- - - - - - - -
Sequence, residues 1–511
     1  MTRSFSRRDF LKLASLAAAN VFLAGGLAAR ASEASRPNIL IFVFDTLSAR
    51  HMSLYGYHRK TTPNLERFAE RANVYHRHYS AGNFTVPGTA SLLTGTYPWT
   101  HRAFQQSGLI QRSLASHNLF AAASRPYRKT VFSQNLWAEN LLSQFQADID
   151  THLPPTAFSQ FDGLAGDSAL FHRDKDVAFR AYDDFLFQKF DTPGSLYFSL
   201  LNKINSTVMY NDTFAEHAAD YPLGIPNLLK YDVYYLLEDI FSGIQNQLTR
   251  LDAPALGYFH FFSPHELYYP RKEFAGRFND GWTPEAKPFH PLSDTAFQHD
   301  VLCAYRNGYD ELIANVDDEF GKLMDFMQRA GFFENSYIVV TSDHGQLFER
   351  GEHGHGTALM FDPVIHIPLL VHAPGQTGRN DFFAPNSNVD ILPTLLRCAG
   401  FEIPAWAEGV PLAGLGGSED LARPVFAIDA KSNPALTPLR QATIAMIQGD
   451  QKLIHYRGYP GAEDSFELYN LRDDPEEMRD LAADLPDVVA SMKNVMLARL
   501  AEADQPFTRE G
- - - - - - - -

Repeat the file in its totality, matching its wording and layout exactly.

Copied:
Sequence, residues 1–511
     1  MTRSFSRRDF LKLASLAAAN VFLAGGLAAR ASEASRPNIL IFVFDTLSAR
    51  HMSLYGYHRK TTPNLERFAE RANVYHRHYS AGNFTVPGTA SLLTGTYPWT
   101  HRAFQQSGLI QRSLASHNLF AAASRPYRKT VFSQNLWAEN LLSQFQADID
   151  THLPPTAFSQ FDGLAGDSAL FHRDKDVAFR AYDDFLFQKF DTPGSLYFSL
   201  LNKINSTVMY NDTFAEHAAD YPLGIPNLLK YDVYYLLEDI FSGIQNQLTR
   251  LDAPALGYFH FFSPHELYYP RKEFAGRFND GWTPEAKPFH PLSDTAFQHD
   301  VLCAYRNGYD ELIANVDDEF GKLMDFMQRA GFFENSYIVV TSDHGQLFER
   351  GEHGHGTALM FDPVIHIPLL VHAPGQTGRN DFFAPNSNVD ILPTLLRCAG
   401  FEIPAWAEGV PLAGLGGSED LARPVFAIDA KSNPALTPLR QATIAMIQGD
   451  QKLIHYRGYP GAEDSFELYN LRDDPEEMRD LAADLPDVVA SMKNVMLARL
   501  AEADQPFTRE G